Identification of the Arrhythmogenic Substrate and Ventricular Tachycardia Ablation – Patients With Structural Heart Disease
Understanding the underlying arrhythmogenic substrate that leads to VT is essential for a successful ablation procedure. As a result of the 3D structure of the myocardium, critical components of the VT reentry circuit may be confined to locations deep in the subendocardium, the midmyocardium or the epicardium, and may be beyond the reach of current endocardial ablation techniques. On the other hand, a single circuit may also encompass the endocardium and extend into the epicardium, with critical components that can be reached from either the left ventricular endocardium or the epicardium. Although VTs originate from scar tissue in the majority of patients with structural heart disease,4 they may occasionally have a focal source and can arise from the outflow tract region, similar to patients with idiopathic ventricular arrhythmias.
Delayed enhanced cardiac MRI is used as the gold standard for imaging of scar tissue. The location of scar tissue on preprocedural MRI determines the odds of reaching the circuit from the endocardium or the epicardial space in a given patient. The location of the scar predicts, to some extent, the location of the critical VT isthmus.5,6 In patients with ischaemic cardiomyopathy, the scar is located in the subendocardium and extends to the epicardium depending on the patient’s specific coronary artery distribution (Figure 1). Hence, in the majority of postinfarction patients, the arrhythmogenic tissue can be accessed from the endocardium. In a series of 98 patients with prior MI, only two patients required an epicardial ablation procedure for VT.7 Similar data have been described by Sarkozy et al. who reported a prevalence of only about 6 % of patients with prior infarctions in whom epicardial circuits were confirmed.8 Therefore, in these cases, an endocardial approach should be considered as first line.
On the other hand, scars in patients with nonischaemic cardiomyopathy are most often located intramurally. An epicardial origin is the next most frequent scar location, followed by endocardial scarring.9 Often the scar has a basal periannular distribution.10 The scar distribution is particularly important with respect to procedural outcome.5 The lowest success rates were reported in patients in whom the majority of the scar had an intramural distribution (Figure 2).5 The value of a preprocedural MRI with respect to a planned epicardial procedure is highest in patients with nonischaemic cardiomyopathy, especially if the scar is located epicardially (Figure 3). An epicardial approach is also beneficial if the scar is located intramurally within the left ventricular free wall. An intramural septal location (Figure 2) cannot be reached from the epicardial space in most patients, and therefore this approach should not be used in such a scenario.
The disease process in arrhythmogenic right ventricular cardiomyopathy (ARVC) starts in the epicardium, and therefore the epicardium is usually involved in these patients. Furthermore, the epicardial scar has been found to be larger than the endocardial scar, and therefore an epicardial procedure is often required for patients with ARVC. If an endocardial ablation procedure fails to identify critical VT sites, an epicardial approach should be considered. Transmural activation of the epicardium from the endocardium may be delayed due to scar tissue that insulates the arrhythmogenic tissue in the epicardium.11 Often the paravalvular area of the tricuspid annulus harbours critical sites of VT circuits. Thick endocardial scarring has been described in the periannular area, and may contribute to the failure of endocardial ablation in targeting VT reentrant circuits.12 Involvement of the left ventricle is not uncommon, and is frequently subepicardial or intramural.13 Often, to render patients with ARVC non-inducible, both epicardial and endocardial ablation procedures are necessary.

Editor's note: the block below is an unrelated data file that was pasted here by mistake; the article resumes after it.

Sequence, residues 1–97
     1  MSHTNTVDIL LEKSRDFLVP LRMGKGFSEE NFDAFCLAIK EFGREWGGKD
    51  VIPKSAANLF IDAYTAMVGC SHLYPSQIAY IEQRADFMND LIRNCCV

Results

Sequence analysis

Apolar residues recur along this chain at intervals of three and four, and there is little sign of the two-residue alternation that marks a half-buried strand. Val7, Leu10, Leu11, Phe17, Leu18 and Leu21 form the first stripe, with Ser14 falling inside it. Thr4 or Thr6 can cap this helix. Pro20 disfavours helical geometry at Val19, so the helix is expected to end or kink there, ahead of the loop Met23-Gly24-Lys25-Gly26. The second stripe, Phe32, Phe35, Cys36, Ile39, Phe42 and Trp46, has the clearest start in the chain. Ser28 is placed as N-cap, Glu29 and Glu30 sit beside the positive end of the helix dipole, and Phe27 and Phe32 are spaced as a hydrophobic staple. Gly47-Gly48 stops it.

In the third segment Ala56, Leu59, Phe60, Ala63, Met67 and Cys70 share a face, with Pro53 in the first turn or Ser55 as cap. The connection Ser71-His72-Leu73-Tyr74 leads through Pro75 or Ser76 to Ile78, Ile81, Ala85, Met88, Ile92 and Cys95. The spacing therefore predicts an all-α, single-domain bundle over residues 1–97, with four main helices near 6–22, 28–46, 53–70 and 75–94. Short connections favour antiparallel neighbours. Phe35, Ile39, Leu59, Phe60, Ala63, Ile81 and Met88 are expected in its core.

In patients with cardiac sarcoidosis, the arrhythmogenic substrate originates intramurally, and reaches the endocardium or epicardium by extension of the disease process. In a series of patients with cardiac sarcoidosis in whom mapping and ablation of VT was performed, most VTs originated from a periannular area surrounding the tricuspid annulus and did not require epicardial access.14 However, if imaging shows predominant epicardial scarring, an epicardial approach should be considered.5
For other types of structural heart disease including hypertrophic cardiomyopathy15 or Chagas disease, an epicardial ablation is often necessary and should be considered early in the ablation procedure.16,17
Location of the Arrhythmogenic Substrate and Ventricular Tachycardia Ablation – Patients Without Structural Heart Disease
The majority of idiopathic ventricular arrhythmias originate from the outflow tracts18 with the right ventricular outflow tract being the most common origin.19,20 Idiopathic ventricular arrhythmias can also originate in the left ventricular outflow tract, the aortic sinuses of Vasalva,21 the epicardium,3 the papillary muscles22 or any other location within the heart including the intramural myocardium.23 An endocardial approach is most successful for the majority of these arrhythmias. For epicardial idiopathic arrhythmias, a combined approach from the coronary venous system and adjacent anatomic sites has been most effective, with a success rate around 70 %.24 In some reports, a subxiphoid epicardial approach has been used to eliminate those arrhythmias.24–26 However, several groups have more recently demonstrated that this approach has a lower success rate due to epicardial fat and the proximity of coronary arteries, and given the higher potential for periprocedural complications,26–28 this approach should be reserved for selected cases only.